equipped health system
Infant Mortality (2) Infant mortality rate (deaths per 1,000 live births), 1999 The infant mortality rate is a
measure of the vulnerability of the
most vulnerable population group

Source: (1) World Resources Institute, World Resources 1998-99, Data Table 8.1; (2) Population Reference Bureau, World Population Datasheet, 1999

This category would be more complete with vari- limited at a global scale, but these variables are
ables that relate strictly to pollution, such as more likely to be found at a national level. We are
bloodstream lead levels in children, DDT concen- tracking down asthma sources and, as for the other
tration in breast milk or reported cases of asthma. variables, we are thinking of building a global data
Unfortunately availability of such data is very set by aggregating the different national-level data.
Disasters Exposure
VARIABLE NAME FULL DESCRIPTION LOGIC

Deaths from natural Deaths per 100,000 population resulting from natural This is an approximate measure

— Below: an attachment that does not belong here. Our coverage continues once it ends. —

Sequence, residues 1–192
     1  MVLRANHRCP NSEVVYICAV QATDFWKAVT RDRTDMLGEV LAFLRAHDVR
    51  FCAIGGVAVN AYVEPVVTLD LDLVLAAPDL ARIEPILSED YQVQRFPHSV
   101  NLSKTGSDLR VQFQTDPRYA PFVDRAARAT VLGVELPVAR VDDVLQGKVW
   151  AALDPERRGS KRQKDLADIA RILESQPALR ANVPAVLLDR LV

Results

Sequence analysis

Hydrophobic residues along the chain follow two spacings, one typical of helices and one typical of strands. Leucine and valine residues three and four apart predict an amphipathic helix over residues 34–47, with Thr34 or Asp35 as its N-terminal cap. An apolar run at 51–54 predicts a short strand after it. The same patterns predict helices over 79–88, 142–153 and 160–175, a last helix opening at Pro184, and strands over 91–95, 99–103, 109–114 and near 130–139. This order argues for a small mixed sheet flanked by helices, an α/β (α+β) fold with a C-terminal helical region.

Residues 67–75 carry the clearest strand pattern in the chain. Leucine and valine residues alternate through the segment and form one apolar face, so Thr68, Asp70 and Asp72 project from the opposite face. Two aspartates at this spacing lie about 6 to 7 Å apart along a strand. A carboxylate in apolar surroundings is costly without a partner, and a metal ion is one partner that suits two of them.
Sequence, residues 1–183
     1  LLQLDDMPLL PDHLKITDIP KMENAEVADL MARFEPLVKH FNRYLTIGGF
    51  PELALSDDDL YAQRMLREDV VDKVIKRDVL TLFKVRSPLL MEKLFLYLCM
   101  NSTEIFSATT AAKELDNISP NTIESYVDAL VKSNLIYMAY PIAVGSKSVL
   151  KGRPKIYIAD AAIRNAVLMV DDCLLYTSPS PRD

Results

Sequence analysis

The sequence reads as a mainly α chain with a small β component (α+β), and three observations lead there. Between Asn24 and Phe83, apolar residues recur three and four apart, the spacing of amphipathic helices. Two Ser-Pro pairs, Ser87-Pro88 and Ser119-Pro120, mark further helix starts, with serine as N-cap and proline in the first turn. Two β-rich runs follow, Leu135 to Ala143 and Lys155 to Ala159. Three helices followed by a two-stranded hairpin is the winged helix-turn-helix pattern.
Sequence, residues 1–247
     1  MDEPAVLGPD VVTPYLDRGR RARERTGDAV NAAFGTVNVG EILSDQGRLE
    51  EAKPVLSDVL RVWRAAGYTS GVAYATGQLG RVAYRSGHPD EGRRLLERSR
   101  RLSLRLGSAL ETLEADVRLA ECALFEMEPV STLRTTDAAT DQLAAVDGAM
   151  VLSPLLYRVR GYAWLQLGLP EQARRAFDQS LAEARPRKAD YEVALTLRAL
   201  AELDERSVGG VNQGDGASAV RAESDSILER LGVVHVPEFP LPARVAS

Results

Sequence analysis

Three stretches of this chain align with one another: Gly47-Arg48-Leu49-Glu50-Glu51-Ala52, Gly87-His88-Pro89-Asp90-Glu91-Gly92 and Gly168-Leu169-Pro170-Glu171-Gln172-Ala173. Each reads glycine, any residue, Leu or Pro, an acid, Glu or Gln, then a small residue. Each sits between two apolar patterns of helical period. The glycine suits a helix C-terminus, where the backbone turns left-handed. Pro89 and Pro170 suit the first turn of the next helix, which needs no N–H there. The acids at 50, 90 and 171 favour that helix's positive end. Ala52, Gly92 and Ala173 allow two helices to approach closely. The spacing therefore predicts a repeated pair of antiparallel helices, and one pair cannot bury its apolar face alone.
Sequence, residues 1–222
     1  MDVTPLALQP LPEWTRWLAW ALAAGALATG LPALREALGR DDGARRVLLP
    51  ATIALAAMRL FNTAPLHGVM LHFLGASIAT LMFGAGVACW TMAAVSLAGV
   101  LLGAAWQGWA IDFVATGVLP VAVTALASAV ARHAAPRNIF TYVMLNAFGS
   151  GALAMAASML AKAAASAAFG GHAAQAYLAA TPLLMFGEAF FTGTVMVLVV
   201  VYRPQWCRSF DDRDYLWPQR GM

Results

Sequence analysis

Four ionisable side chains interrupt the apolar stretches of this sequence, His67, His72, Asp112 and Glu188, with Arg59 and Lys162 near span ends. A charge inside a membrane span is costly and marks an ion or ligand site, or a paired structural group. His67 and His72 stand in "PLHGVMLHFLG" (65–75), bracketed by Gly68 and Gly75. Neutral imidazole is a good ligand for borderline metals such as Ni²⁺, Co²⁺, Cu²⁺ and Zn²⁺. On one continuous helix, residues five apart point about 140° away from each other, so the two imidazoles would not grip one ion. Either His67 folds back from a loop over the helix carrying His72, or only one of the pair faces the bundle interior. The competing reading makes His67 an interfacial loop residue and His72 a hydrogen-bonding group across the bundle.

disasters over the period disasters over the period 1978-98 of the vulnerability of a population
1978-98 to floods, droughts, hurricanes,
and other environmentally-related
natural disasters

Source: EM-DAT: The OFDA/CRED International Disaster Database

The OFDA/CRED disaster database includes appeared to be more meaningful than the estimates
several types of disasters and several categories of of damage in US dollars (possible problems in
damage. We excluded disasters such as earth- reporting damage estimates) or the number of
quakes and volcanoes. We calculated the number people affected (possible inconsistencies in the